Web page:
Mr Arthur Lydney Payne opened his first butcher business in 1870 at just 20 years of age.36 His New Lambton shop was, at first a simple slab hut building. In 1909 he built a new brick facility.37 Payne was an important member of the local community, serving as an alderman in Lambton for 19 years, and elected mayor four times. Three of his children later also became butchers, and his descendants continued the family business until the 1990s.38
Although well-known in New Lambton and Lambton for his butchery and work in council, Payne was also known throughout Australia for his knowledge of homeopathy.36
The Hand of Friendship Hotel was opened on 18 September 1869 by publican, Benjamin Lunn.41 It was advertised as having “none but the very best wines, spirits, ales”. Lunn ran the hotel until his death in 1878.42 The hotel remained an important part of the community for decades. In particular, it sponsored the local fire brigade’s band.43,44 The people pictured in the 1895 photo by Ralph Snowball are likely the publican of that time—George Masters—and his family. In 1903 there were objections to the license renewal of the hotel, stating that the accommodation was inadequate.45 However, the license was not cancelled until 1906. For a short period, the building was used as a second-hand store. After years as an abandoned building, it was demolished in 1933.
In the 1870s, the closest school was Lambton Public School. This was over 1.5 km away and the road was impossible to walk when wet, causing many New Lambton children to miss out on their education. With an estimated 300 families in New Lambton by 1875, a movement for a school at New Lambton grew. Land was acquired in 1878 and the school opened in 1880.46 A sign incorrectly reads that the school opened in 1879, as it was expected that the building would be ready by then.
One of the most important events in the school’s calendar was the annual picnic. In the early days it was held in Toronto, although later picnics were at Speers Point. During World War II, the school was used as a RAAF radar station. This forced children to attend other schools from 1942–1946. A back to school gala day was held to celebrate the children’s return.47 The school was awarded a plaque in 1995 recognising its service to the RAAF.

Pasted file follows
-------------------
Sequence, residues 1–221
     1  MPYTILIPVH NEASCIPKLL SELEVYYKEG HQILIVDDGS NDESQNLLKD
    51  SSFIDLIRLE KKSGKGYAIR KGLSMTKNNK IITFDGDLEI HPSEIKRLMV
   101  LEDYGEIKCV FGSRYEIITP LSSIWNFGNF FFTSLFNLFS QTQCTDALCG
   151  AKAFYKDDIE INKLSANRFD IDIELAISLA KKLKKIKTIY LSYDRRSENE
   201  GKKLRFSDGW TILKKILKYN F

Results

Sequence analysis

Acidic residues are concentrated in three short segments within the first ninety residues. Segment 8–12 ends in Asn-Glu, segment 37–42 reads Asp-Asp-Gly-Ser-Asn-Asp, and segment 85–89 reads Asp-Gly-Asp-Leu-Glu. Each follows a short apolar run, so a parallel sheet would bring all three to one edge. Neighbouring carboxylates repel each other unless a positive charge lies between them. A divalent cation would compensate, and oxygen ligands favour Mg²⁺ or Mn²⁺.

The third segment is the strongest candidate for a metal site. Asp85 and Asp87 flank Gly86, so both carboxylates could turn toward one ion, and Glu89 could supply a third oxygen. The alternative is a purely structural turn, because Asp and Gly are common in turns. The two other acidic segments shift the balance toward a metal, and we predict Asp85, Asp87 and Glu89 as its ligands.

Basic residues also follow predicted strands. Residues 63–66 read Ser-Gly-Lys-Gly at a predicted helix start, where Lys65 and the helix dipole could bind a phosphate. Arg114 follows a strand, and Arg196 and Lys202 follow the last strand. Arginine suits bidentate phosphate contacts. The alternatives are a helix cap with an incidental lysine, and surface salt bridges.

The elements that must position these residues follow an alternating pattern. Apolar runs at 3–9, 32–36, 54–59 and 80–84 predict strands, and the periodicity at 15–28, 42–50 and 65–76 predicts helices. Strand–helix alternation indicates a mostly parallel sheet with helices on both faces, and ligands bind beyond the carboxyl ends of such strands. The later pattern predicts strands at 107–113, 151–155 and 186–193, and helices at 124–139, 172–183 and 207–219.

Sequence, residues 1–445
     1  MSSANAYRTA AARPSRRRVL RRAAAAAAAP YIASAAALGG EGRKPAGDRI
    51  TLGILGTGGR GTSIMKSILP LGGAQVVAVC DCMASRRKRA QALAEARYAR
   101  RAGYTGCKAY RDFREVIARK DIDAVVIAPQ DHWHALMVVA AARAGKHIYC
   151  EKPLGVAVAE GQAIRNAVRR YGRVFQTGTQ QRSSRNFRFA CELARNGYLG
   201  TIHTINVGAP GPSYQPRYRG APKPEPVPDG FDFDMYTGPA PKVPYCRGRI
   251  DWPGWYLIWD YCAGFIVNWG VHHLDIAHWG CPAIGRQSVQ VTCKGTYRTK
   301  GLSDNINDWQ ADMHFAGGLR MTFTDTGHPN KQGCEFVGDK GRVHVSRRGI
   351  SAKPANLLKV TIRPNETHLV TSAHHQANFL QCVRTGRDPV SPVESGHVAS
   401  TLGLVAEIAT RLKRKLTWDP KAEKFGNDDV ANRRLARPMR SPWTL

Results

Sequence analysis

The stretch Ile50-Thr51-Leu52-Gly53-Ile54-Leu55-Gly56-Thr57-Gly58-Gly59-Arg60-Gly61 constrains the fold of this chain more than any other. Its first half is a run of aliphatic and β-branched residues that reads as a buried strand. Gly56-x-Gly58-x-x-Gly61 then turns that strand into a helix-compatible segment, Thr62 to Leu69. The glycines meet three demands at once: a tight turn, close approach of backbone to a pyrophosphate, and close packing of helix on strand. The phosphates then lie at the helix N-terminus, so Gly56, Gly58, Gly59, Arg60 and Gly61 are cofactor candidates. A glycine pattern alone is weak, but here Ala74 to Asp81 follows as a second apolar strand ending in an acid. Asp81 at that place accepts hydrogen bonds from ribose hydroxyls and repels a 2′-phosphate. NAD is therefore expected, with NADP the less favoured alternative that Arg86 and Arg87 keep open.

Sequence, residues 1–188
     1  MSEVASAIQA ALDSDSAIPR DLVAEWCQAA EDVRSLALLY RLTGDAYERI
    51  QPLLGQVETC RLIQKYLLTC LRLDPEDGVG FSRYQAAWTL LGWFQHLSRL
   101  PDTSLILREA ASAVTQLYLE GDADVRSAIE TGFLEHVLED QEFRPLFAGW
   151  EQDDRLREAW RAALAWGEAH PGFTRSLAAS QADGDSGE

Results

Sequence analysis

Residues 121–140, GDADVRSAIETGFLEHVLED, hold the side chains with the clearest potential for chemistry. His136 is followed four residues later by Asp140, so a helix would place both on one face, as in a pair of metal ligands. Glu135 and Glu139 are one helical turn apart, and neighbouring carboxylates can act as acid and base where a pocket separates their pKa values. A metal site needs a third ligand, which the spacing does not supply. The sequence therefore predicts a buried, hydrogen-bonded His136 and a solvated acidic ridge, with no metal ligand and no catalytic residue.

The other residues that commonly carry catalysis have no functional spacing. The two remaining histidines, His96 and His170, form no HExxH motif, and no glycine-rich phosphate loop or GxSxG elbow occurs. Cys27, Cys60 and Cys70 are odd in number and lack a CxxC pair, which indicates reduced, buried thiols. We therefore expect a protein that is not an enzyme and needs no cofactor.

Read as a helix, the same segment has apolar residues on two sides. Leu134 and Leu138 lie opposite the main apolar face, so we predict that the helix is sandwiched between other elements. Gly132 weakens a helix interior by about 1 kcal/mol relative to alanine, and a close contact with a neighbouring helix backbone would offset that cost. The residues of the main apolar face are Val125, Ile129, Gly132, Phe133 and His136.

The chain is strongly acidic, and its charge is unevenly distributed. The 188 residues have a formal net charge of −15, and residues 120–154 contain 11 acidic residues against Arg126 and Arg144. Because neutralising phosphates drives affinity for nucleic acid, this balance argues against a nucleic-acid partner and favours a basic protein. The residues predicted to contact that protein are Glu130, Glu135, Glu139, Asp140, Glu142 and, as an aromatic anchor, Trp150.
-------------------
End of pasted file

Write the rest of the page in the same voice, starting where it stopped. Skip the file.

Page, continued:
The original brick buildings in the photographs were demolished in 1954 following damage caused by mining subsidence.
The people of New Lambton were great petitioners and were determined to establish themselves as separate from Lambton. In addition to petitions for their own municipality, police station, schools, and even for squatters to gain ownership of their homes, New Lambton petitioned for their own Post Office in 1869.50
In the 19th century, a visit the post office in Lambton was a 10 km round trip! The first New Lambton Post Office was opened in September 1872 under post-mistress, Mrs Jane Hutchinson. However, the service was closed in 1880, much to the disappointment of the locals. After petitions to the government, New Lambton finally opened a new Post and Telegraph Office in Regent Street. The timber building was described as being ‘of handsome appearance’.51 In 1938, it was replaced with a brick building. The New Lambton Post Office still operates from this site today.
The Duke of Wellington Hotel is named after the first Duke of Wellington, and English Prime Minister, Arthur Wellesley. It first opened its doors in 1876. The pub was a popular spot amongst miners, with the Waratah Coal Company holding monthly meetings there.53 Other activities, which drew a local audience in the 19th century, included games of handball and quoits.54
The hotel was damaged by fire in 1905. The fire brigades from New Lambton, Adamstown, Lambton, Broadmeadow, Tighes Hill, Waratah and Newcastle West all worked together to put out the blaze.55 However the hotel didn’t reopen until 1909.
The earlier timber structure was replaced in 1921 by a new design. Although it has since gone through renovations, the pub is one of the oldest standing buildings in New Lambton today.
Heritage Now would like to thank Lachlan Wetherall and Julie Keating, whose book on the history of New Lambton has been an incredibly useful resource for creating the content for this walk.
To Hunter Living Histories Group for their ongoing support and permissions to use images from the Living Histories archive. Special thanks also goes to Robert Watson for sharing his extensive knowledge of New Lambton. Also, to Kerrie Shaw from Newcastle Library for assisting in research and locating photos from the Hunter Photobank.